THE attack on a military checkpoint on the Niger-Abuja borders three days ago has further accentuated the threat terrorists pose to the Nigerian state and people.
The terrorists had attacked the military checkpoint on Thursday, July 28, 2022 night in Zuma Rock Village, located at the border of Niger State and the Federal Capital Territory (FCT), Abuja.
The attack came barely six days after terrorists ambushed a patrol team of the Presidential Guards along the Bwari-Kubwa Road, resulting in the death of at least eight soldiers.
The team had mobilised following an intelligence report that the terrorists were planning to attack the Nigerian Law School in Bwari, only to fall prey to the marauders.
A series of attacks have heightened tension in the FCT, with schools shutting down hurriedly. An instance is the Federal Government College, Kwali, whose management asked parents to evacuate their children from the school over a reported case of bandits’ attack on a neighbouring community.
The ICIR also recently reported that the management of Veritas University, Bwari, FCT, also shut down academic activities over security threats.
Zuma Rock Village, named after the popular Zuma Rock, is located near Madalla town along the ever-busy Abuja-Kaduna expressway.
Although the expressway itself has become notorious for banditry and kidnapping, the attack on the military checkpoint was the first of its kind in the community.
According to a source in the community, the insurgents arrived at 7.30pm and opened fire on the troops, leaving an officer reportedly dead, while some were wounded. The terrorists, who were understood to be heading to Abuja from Kaduna, were repelled by troops and equipment from the Army Base in Zuma Barracks and other security forces that were deployed to the scene.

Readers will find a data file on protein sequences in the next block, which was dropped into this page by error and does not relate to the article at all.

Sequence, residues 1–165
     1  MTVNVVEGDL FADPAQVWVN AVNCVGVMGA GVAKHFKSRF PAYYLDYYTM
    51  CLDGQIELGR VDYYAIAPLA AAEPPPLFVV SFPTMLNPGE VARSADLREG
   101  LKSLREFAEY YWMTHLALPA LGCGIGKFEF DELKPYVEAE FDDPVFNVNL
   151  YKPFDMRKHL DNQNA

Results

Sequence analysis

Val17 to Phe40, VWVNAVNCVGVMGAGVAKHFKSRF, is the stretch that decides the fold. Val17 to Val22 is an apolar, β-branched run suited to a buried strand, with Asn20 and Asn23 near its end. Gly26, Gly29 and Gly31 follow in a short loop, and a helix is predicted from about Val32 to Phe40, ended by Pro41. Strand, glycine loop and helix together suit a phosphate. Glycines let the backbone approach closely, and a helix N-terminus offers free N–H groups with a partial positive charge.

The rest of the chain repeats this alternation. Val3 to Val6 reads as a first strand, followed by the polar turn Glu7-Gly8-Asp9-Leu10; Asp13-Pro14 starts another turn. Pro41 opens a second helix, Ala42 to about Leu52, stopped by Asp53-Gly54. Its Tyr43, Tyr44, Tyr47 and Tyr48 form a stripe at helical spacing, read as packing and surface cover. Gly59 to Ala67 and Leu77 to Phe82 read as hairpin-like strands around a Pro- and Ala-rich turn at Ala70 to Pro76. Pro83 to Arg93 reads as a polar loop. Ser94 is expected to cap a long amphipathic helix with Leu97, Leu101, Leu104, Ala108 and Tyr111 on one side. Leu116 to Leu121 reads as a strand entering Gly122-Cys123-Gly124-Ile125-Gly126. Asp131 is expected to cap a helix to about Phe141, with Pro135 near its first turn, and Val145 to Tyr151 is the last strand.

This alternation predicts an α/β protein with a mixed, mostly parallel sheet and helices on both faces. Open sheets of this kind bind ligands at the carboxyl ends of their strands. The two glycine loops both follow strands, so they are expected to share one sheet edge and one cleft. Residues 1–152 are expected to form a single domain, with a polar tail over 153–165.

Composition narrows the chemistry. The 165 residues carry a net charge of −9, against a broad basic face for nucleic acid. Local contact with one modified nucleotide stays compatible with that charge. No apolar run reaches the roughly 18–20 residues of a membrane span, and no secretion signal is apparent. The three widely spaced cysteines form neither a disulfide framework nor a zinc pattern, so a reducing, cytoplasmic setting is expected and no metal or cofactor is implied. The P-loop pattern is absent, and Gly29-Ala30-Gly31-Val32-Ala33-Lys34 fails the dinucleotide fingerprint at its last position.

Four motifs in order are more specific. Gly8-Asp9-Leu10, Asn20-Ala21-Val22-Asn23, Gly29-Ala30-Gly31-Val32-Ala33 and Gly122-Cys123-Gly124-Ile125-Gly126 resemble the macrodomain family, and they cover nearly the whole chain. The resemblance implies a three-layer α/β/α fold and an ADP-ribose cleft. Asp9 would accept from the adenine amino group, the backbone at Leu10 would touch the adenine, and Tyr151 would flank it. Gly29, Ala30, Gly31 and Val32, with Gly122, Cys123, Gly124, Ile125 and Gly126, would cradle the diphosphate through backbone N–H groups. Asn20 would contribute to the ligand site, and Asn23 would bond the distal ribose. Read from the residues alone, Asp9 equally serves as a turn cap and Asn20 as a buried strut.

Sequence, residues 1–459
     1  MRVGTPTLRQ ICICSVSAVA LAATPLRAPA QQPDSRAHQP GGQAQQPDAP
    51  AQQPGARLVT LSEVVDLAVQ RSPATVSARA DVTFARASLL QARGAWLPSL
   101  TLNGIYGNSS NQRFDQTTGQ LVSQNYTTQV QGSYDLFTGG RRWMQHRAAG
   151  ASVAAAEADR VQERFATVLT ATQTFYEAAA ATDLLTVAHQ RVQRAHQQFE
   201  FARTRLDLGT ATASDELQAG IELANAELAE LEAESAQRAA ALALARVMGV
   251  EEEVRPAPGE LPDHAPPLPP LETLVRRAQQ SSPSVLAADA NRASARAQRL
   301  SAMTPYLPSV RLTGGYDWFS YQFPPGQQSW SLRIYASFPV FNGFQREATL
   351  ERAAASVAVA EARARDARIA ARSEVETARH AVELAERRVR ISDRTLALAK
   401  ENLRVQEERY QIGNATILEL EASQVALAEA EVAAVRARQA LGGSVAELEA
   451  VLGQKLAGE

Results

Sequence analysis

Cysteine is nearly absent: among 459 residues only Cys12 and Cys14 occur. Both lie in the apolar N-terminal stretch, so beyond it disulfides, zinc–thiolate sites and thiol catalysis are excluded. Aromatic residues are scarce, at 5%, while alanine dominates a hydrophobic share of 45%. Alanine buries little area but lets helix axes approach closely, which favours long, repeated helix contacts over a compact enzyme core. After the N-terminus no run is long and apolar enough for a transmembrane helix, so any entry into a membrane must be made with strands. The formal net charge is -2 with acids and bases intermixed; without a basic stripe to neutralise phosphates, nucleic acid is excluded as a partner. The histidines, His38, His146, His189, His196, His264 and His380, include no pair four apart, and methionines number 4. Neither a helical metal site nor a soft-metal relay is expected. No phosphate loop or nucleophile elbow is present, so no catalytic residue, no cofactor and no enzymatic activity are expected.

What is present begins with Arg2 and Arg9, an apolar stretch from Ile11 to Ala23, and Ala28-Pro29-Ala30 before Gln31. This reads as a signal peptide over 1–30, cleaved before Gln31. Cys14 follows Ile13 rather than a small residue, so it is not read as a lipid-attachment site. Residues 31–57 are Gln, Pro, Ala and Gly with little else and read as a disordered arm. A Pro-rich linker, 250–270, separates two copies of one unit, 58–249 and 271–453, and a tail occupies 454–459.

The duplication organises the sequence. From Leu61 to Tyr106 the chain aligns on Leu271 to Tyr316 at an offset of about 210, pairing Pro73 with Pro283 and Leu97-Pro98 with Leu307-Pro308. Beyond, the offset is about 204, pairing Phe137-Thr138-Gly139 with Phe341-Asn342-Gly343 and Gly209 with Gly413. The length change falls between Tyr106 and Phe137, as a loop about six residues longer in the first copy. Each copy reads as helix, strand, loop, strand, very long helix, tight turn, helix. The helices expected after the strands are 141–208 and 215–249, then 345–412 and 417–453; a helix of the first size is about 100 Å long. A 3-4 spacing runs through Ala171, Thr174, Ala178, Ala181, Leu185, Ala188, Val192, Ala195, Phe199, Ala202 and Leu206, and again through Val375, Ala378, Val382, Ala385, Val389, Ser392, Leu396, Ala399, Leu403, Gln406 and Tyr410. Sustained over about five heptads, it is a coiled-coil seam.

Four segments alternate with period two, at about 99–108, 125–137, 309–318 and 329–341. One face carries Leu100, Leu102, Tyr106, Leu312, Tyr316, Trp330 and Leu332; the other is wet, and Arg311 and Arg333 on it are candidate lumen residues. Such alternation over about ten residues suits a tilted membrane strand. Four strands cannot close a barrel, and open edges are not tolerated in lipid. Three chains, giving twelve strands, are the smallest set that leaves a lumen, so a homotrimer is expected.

Residents who spoke with the ICIR said they were shocked to hear sudden gunshots from the military checkpoint a few metres away from them and started scampering in different directions for safety.
Danjuma Musa, a 47-year-old civil servant who lives in the small town with his family, said, “In fact, we did not know where we were going. It was serious gunfire which threw the whole village into fear. Till now, we are still living in fear.”
Narrating the trauma the attack has caused the residents, Musa described the experience as “nightmarish”.
He said, “It is difficult to sleep in this town because we don’t know when next they will come to abduct or kill us.”
He, however, confirmed that the community did not record any death.
Sani Shehu, a 46-year-old farmer, had no doubt that the attack was carried out by members of the Boko Haram terrorist group because “they were shouting allah akbar”, to the hearing of some residents.
No terrorist group has claimed responsibility for the attack, though.
Shehu praised the security operatives who repelled the terrorists for their gallantry, despite the fact, he asserted, that the terrorists had superior weapons. He believed the Nigerian military has the capacity to eliminate terrorism given what he saw.
But he pleaded with the government, “Our soldiers need more than AK 47 guns because these Boko Haram terrorists operate with more sophisticated weapons.”
Mohammed Abdullahi, another resident of the village, told our reporter that he was at work in the Abuja metropolis on Tuesday when his family members called on phone to inform him of their whereabouts.
“My family went into hiding in the bush and only came back at midnight after the gunshots stopped and the situation calmed down. My sister, who is staying with me, is now sick because of the panic after hearing the gunshots,” Abdullahi said.
He added that before the attack, the community had only been hearing of terrorists’ strikes on radio.
When the ICIR enquired from him what measures the community was taking to prevent further attacks, he replied, “We are pleading with the government to protect us because we don’t have power in this kind of issue. But we will be vigilant and provide vital information to the security agencies.”
Some residents who spoke off the record were worried that despite the magnitude of the security threats in the community, there was only little security presence. They called on the Federal government to build a strong, well-armed military presence in the zone to forestall any future attack.
They condemned the approach of the Boko Haram insurgents in settling their disagreements with the government, saying the terrorists, instead of using innocent citizens as scapegoats, should direct their grievances to the appropriate authorities.
The terrorists had invaded the Kuje Prison in Abuja with bombs and guns on July 5, 2022, killing a Civil Defence officer and freeing over 800 inmates that included 66 Boko Haram/ISWAP terrorist commanders and members.
The terrorists also recently threatened to abduct President Muhammadu Buhari and the Governor of Kaduna State, Nasir El Rufai.